September 27, 1868 letter to Sarah Keith from Hiram Crawford Jr.

September 27, 1868

To: Sarah Keith 

From: Hiram Crawford, Chicago, IL

Mentions Kate, also his mother’s visit with Henry and Mary. Hoped that Henry was making money out of his roofing – it would be refreshing to see a Crawford make money and keep it. David had written that he had made and lost three fortunes since he had been “in that country.”

1868-09-27 1868-09-27B 1868-09-27C 1868-09-27D


Sept 27” 1868

Dear Sister,

Your very unexpected but welcome letter of the 15th inst.[1] was received all right. Sarah I had really forgotten all about owing you a letter. Though I had answered yours long time ago. Told Kate[2] I thought you must be mistaken and she like all good and obedent wives said she guesses not. That in the matter of corresponding she had as soon believe you as me and a little sooner. I guess she knows me. —I am sorry to learn that Mother[3] has been poorly and am glad that she is getting around all right. Also am pleased to know that her short visits at Henry’s[4] and Mary’s[5] was pleasant and agreeable. I have not heard from Henry since he was here. I think sometime in July. I suppose he has been making money out of his Roofing. At least I hope so. I would like to see a Crawford make mony and keep it. It would be refreshing.

I haven’t heard from David[6] in sometime. He wrote me that he had made and lost three fortunes since he had been in that country and was going for another one. Good for him. I hope he will make it and keep it. I am expecting a little to see him along here this fall, just for the simple reason that he has not said anything about it in his letters. I trust Luke[7] has come out all right. Chicago is tolerable sickly this fall, principally Billious[8] fevers and congestive chills. The weather is very cold and wet this month. Have had to have a fire most of the time. The principal topic of interest here is politics. Our Tanner demonstrations are immense. Ten thousand torches in a line is a sight worth seeing[9]. The people of Galesburg[10] ought to insist on Bill & Lucinda staying there as the place would probably sink if they should go. Kate says she would like to get into your Mrs K melon patch. She would make it look sick, of course I wouldn’t eat any. Kate and Grandma[11] joins in love to Mother, yourself and family.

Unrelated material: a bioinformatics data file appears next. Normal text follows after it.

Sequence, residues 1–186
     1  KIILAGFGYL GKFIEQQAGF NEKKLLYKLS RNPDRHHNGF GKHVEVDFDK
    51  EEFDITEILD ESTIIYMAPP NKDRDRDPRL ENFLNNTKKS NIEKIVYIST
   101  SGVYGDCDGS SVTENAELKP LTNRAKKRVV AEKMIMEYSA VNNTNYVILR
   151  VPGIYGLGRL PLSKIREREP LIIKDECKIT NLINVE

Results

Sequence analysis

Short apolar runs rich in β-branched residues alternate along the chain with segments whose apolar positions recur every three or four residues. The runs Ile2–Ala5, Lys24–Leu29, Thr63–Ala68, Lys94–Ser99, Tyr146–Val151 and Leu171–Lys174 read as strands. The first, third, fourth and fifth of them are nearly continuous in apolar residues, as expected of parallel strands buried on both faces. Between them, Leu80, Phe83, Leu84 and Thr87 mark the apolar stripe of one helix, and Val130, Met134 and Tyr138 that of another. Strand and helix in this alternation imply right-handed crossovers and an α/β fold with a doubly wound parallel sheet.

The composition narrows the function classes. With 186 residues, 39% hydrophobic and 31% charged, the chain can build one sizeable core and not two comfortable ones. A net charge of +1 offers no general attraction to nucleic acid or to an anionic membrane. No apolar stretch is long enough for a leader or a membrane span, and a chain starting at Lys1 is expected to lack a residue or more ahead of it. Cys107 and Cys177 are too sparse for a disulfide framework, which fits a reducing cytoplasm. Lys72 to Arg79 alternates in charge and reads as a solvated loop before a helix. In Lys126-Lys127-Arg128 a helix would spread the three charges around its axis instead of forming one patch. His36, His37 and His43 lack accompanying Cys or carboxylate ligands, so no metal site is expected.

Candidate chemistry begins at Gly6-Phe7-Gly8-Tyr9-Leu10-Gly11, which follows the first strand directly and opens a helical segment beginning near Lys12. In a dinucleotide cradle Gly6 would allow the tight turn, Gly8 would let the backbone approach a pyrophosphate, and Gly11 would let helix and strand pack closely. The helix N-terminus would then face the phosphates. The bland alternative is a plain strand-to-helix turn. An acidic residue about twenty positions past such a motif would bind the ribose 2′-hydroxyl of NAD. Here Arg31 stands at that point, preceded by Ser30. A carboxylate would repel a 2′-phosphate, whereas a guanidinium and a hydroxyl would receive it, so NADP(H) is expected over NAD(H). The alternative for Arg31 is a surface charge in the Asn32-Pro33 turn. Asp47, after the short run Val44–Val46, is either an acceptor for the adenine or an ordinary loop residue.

Your Brother


P.S. I wish when Mother came back you wold send those framed Pictures of mine. And don’t wait a year or two before you write again.

H. Crawford

430 North Clark St

Chicago, Ill


[1] Instant, meaning of the present month

[2] Katherine (Atcheson) Crawford, Hiram’s wife.

[3] Nancy (Comfort) Crawford Betts

[4] Henry Clay Crawford, Hiram’s brother

[5] Mary (Hamilton) Crawford, Edwin’s widow and Hiram’s sister-in-law

[6] David Caleb (D.C.) Crawford, Hiram’s brother

[7] Luke Keith, Sarah’s husband

[8] Typhoid, malaria, hepatitis or elevated temperature and bile emesis